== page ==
# Normal Distribution and Gaussian Random Variables

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In this post, we introduce the normal distribution and its properties. We also learn how to calculate Z scores and standard deviations from the mean.

The normal distribution also known as the Gaussian distribution is the most commonly used probability distribution. The normal distribution curve has the famous bell shape.

Many real-world random variables seem to be approximately normally distributed. Accordingly, the normal distribution is a sensible choice if you have little to no prior knowledge about the data that indicates how it is distributed.

## Normal Distribution Formula

The Gaussian distribution is defined by two parameters, the mean and the variance. When we want to express that a random variable X is normally distributed, we usually denote it as follows.

X \sim N(\mu, \sigma^2)

The mean μ defines the location of the center and peak of the bell curve, while σ determines its width. A normal distribution with a low standard deviation has a thin but high appearance because most observations stack up around the mean. Conversely, a normal distribution with a higher standard deviation appears thicker and smaller.

As you can see, the normal distribution is symmetric.

The normal distribution extends over the whole set of real numbers. So, the values x that the random variable X can theoretically assume any real number.

x \in I\!R

The formula for the probability density function that describes the distribution of X is

p(x|\mu, \sigma^2) = \frac{1}{\sqrt{2\pi\sigma^2}}e^{(-\frac{(x- \mu)^2}{2\sigma^2})}

## How to Calculate the Z Score

The Z score refers to the number of standard deviations from the mean and can be calculated as follows.

Z = \frac{x-\mu}{\sigma}

For example:

If you have an observation x = 3 drawn from a standard normal distribution with mean 1 and standard deviation 2, you can calculate the Z score.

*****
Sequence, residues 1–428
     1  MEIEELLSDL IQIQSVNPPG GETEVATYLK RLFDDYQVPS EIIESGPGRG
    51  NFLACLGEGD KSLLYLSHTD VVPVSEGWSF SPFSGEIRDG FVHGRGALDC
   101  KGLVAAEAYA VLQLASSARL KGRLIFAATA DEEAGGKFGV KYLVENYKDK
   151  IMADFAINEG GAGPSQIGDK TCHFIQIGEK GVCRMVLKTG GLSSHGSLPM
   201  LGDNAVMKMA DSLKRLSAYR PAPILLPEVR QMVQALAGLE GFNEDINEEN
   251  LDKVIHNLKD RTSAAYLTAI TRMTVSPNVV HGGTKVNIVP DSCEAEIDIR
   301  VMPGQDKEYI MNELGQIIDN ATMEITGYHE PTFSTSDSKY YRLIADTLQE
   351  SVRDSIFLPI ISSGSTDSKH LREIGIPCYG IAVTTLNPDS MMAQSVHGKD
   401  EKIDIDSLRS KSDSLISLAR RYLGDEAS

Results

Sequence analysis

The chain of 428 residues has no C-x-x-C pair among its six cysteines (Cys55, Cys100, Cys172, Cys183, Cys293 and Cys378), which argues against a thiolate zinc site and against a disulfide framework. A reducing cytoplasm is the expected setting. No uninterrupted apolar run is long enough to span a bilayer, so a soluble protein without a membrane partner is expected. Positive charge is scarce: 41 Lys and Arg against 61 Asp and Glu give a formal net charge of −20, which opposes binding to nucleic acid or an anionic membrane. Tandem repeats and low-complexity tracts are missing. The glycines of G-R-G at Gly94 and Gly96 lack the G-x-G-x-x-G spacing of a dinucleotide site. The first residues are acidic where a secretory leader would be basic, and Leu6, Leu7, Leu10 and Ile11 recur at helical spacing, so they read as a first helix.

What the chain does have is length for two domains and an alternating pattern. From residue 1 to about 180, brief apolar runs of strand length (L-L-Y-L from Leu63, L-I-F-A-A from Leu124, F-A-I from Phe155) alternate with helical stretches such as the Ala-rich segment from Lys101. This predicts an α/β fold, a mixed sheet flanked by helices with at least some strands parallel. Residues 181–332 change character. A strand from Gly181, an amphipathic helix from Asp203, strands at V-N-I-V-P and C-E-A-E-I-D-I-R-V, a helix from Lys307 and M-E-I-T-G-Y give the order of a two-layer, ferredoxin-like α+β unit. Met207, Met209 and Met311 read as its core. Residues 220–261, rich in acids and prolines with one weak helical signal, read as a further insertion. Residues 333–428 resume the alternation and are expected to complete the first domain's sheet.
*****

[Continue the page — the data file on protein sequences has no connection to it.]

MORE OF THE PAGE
Z = \frac{3-1}{2} = 1

Your observation is exactly one standard deviation above the mean.

The Z score of any normal distribution follows a standard normal distribution. Accordingly, random variables that follow a standard normal distribution are also called Z variables.

## The Standard Normal Distribution

The standard normal distribution has a mean of 0 and a standard deviation of 1.

Given a standard normal distribution, we can immediately use some standard knowledge about the data.

• 68.2% of the data lie within one standard deviation from the mean
• 95% lie within 2 standard deviations from the mean
• 99.8% lie within 3 standard deviations from the mean

• The 10th percentile is -1.28 standard deviations from the mean
• The 5th percentile is -1.645 standard deviations from the mean
• The 2.5th percentile is -1.96 standard deviations from the mean
• The 1st percentile is -2.33 standard deviations from the mean

By symmetry, the same positive standard deviation values apply to the 90th, 95th, 97.5th, 99th percentiles.

For example, we can infer immediately that the point at which our standard normal random variable X assumes a value that is above the 95th percentile (in the top five percent) lies 1.645 standard deviations above the mean.

P(\frac{X-\mu}{\sigma} > 1.645) = 0.05

If you need to obtain a specific probability interval along the normal probability density function, you can calculate it by integrating the area under the curve.

## Properties of the Normal Distribution

There are a few interesting properties that make the normal distribution so widespread. I’ll list the most important ones here.

• Multiplying a normal random variable by any constant results in another normal distribution.
• Adding two normal random variables results in another normally distributed random variable.
• The sample means of normal distributions are normally distributed themselves.
• A lot of random variables approach a normal distribution given a large enough sample size

## Summary

We’ve introduced the normal distribution and its properties. We’ve also learned how to calculate Z scores.

This post is part of a series on statistics for machine learning and data science. To read other posts in this series, go to the index.

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